The Day I Went to the Nazi Rally
I didn’t go to praise Nazis. I went to bury them.
I didn’t know much. I was a naive college sophomore who could talk about Euripides and the Beatles but not much else. But I knew no one should ever celebrate Nazis. Not even Nazis themselves. And who were these Nazis? They were Americans who somehow had developed the idea that Germany’s National Socialists, led by Adolf Hitler, were on the right track, a track they thought could fix America. Or maybe they just thought the uniforms were sexy.
The year was 1968, a beaming blue day in the fall. I had dropped out of school and was working at a film lab, processing the evening news footage in the afternoon and girlie films the next morning. When I heard the American Nazi Party was planning a rally on the steps of the San Francisco City Hall, I decided I would join the protest against them.
The rally was already going on when I walked up Grove St. at the side of City Hall. I could see what looked like a large crowd in the Civic Center Plaza. And then, when I was maybe 75 yards from the corner, I saw the crowd surge and, like wild horses, start running down Grove Street toward me.
They were chasing a lone Nazi. He wore shiny black Gestapo leather, knee high boots and a shoulder belt. Right out of a World War II movie, with the red Swastika armband. But even with all that gear, he looked like he maybe weighed 120 pounds with his boots on. As he ran, he kept looking over his shoulder at the guys on his tail. And because he was looking at them, I don’t think he even noticed I was right in his path.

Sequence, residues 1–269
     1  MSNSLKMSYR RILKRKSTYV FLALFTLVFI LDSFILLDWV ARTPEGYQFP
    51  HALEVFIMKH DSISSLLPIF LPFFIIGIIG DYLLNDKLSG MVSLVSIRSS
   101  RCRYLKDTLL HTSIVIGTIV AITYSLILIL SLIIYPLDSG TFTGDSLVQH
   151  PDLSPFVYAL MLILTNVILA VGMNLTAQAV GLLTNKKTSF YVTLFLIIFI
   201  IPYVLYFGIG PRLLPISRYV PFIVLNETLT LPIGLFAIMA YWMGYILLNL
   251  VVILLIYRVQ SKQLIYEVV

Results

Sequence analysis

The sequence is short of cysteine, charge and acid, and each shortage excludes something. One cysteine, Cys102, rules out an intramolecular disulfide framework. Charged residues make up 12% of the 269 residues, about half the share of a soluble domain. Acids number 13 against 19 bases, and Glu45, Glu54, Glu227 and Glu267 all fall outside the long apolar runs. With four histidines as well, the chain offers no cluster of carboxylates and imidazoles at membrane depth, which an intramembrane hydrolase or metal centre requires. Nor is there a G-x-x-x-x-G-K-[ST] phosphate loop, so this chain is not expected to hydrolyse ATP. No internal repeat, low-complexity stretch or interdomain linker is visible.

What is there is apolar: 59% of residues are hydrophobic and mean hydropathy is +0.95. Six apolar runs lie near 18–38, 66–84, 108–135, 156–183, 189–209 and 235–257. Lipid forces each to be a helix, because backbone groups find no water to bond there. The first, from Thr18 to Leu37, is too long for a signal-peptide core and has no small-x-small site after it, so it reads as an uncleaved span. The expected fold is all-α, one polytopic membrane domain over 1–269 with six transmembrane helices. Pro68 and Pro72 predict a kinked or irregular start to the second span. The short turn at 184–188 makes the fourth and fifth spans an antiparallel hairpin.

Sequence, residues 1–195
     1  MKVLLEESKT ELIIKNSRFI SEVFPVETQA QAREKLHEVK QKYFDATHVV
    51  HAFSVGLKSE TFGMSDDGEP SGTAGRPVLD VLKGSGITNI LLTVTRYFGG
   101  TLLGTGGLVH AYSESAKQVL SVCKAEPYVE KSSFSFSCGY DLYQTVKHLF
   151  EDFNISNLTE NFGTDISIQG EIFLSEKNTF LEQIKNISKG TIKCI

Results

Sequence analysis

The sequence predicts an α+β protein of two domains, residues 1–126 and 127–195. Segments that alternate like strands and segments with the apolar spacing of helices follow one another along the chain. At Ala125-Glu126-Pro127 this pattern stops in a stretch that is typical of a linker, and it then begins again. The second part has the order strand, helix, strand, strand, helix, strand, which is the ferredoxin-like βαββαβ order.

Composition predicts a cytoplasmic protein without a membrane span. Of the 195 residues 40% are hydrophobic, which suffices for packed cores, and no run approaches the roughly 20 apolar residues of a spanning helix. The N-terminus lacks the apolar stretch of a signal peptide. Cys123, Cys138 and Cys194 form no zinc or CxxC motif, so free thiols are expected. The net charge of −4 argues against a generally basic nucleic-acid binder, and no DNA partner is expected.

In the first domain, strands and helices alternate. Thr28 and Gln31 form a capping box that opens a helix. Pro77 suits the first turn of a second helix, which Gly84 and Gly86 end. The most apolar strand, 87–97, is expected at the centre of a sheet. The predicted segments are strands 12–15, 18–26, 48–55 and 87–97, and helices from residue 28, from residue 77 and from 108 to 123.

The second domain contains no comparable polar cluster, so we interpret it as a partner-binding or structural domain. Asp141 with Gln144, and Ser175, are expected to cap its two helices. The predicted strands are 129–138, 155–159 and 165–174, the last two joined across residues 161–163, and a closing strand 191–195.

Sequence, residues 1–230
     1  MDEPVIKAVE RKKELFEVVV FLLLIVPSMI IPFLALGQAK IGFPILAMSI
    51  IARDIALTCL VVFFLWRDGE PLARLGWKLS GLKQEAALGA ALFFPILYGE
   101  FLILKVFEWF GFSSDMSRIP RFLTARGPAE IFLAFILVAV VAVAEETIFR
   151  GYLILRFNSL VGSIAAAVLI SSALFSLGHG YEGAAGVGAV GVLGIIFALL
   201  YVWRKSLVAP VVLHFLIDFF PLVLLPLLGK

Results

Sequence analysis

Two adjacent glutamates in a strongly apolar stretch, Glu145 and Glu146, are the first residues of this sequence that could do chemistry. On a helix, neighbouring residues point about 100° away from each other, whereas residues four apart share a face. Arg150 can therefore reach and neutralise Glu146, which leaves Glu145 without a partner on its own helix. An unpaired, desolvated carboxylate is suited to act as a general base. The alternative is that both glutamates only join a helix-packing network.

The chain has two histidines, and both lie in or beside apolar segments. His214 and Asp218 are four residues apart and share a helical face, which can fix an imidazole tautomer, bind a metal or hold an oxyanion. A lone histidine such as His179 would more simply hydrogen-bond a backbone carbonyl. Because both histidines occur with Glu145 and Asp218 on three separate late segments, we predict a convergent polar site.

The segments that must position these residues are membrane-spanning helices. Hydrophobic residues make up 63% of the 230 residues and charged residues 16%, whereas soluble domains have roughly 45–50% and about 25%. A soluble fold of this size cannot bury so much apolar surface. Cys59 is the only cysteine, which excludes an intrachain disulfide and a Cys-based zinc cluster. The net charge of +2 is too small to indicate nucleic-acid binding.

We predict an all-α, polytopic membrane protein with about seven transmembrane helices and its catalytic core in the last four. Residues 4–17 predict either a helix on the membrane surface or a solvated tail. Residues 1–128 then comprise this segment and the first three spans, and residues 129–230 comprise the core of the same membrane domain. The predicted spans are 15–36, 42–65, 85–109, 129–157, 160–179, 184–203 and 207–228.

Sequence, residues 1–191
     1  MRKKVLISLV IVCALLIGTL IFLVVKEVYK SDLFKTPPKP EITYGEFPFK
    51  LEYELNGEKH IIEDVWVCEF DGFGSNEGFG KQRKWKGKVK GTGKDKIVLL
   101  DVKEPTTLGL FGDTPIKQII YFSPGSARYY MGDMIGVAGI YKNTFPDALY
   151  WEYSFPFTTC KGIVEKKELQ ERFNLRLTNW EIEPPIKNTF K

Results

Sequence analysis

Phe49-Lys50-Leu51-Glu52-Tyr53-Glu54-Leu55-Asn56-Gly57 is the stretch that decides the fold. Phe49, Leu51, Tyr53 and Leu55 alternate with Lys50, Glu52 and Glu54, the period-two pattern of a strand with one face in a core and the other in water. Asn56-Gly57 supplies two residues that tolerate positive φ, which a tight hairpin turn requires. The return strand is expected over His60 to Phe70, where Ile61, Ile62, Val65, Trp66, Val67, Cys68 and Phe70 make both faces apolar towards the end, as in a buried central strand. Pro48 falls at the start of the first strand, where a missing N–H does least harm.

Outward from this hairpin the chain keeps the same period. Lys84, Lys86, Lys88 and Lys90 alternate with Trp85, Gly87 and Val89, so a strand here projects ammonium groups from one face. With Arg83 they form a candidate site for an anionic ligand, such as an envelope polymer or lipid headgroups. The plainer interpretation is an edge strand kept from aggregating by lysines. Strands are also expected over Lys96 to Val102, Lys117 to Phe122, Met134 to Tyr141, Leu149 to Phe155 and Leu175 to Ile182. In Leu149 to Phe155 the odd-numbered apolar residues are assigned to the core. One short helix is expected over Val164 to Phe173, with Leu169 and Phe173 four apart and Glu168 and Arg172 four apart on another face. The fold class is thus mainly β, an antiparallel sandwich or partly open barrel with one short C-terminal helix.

I could have stopped him. A punch in the nose and I could have clocked him to the pavement. But I didn’t do that. The message had already been sent and besides, I’m not a Nazi.
The crowd chasing the Nazis away that day was maybe half long haired students and half working men. Construction workers and longshoremen, maybe. World War II vets, the guys who fought the real Nazis and saw the fruit of their hate, would have been only 45 in 1968. They remembered and there was no way they were going to let Nazis get a foothold in America.
But that was then and this is now. And the Nazis who rampaged in Charlottesville last weekend are not a few clowns playing dress up. They’re a movement. There are thousands of them. They believe they have a mandate. They claim they own the White House.
They call themselves the “alt Right.” The call themselves “White Nationalists” and the Ku Klux Klan. But let’s not whitewash this. Let’s call them what they are. They’re Nazis.
That summer we ran the Nazis out of town was called “The Summer of Love.” The men who organized the Charlottesville rally are calling 2017 — I’m not making this up — “The Summer of Hate.” And their next stop, on the anniversary of 9/11, is Texas A&M University.
I’ll be there. Not to punch a Nazi, but to show that decency still matters in America.
(NOTE: After I posted this, the Texas A&M University announced the would not allow the rally, so we’ll have to see what happens there.)